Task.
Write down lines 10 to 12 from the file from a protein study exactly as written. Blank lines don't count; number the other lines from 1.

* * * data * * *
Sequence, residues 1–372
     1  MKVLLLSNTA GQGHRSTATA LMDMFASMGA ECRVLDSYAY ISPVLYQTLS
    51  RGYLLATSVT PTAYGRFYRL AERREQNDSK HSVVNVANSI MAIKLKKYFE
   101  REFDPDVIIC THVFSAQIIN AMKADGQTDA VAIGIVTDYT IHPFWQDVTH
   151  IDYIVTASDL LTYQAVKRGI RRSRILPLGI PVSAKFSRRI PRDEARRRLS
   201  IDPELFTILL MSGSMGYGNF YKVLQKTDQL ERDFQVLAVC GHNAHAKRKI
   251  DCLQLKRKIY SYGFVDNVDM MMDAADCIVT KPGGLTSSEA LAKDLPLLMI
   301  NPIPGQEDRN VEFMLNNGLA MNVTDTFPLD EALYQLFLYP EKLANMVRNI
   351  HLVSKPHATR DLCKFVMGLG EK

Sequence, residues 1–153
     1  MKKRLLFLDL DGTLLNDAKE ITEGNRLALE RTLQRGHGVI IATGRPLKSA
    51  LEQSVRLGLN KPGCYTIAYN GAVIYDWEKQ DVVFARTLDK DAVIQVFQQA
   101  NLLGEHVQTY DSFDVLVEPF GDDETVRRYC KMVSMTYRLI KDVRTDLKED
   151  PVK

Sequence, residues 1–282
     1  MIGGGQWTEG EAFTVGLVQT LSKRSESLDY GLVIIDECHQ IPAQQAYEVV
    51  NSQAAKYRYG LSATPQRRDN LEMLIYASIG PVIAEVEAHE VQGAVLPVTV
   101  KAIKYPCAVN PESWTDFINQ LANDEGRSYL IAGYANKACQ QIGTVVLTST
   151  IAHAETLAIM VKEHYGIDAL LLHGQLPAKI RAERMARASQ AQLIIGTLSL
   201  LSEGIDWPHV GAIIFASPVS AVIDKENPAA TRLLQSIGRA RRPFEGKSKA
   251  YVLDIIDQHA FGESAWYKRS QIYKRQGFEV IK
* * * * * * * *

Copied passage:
Sequence, residues 1–153
     1  MKKRLLFLDL DGTLLNDAKE ITEGNRLALE RTLQRGHGVI IATGRPLKSA
    51  LEQSVRLGLN KPGCYTIAYN GAVIYDWEKQ DVVFARTLDK DAVIQVFQQA